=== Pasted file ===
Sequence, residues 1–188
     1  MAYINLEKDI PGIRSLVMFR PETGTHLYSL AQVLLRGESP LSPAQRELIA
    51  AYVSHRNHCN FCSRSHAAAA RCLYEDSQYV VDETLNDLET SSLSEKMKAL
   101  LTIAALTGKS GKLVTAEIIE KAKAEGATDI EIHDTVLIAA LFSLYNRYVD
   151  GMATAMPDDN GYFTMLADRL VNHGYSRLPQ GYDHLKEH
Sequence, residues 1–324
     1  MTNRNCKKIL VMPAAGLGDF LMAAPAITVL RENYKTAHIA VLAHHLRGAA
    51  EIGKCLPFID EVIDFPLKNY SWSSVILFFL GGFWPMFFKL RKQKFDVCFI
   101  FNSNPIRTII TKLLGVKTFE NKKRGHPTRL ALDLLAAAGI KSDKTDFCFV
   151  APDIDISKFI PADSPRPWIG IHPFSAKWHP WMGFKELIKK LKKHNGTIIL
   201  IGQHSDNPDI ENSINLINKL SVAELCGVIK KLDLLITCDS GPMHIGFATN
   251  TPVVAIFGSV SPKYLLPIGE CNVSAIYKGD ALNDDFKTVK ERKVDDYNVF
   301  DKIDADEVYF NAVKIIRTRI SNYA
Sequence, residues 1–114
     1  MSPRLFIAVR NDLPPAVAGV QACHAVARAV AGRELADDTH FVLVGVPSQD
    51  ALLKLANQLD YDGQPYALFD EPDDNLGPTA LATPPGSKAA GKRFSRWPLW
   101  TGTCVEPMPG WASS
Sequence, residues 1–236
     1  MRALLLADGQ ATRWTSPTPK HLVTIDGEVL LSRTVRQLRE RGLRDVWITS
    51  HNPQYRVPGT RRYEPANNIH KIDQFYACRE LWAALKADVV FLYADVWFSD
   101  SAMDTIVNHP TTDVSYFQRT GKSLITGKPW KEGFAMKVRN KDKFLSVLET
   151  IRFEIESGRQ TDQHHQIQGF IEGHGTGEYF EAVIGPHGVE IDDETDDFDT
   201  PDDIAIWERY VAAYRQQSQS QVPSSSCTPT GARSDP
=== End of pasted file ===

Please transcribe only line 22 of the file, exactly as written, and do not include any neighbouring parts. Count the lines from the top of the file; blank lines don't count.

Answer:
   151  IRFEIESGRQ TDQHHQIQGF IEGHGTGEYF EAVIGPHGVE IDDETDDFDT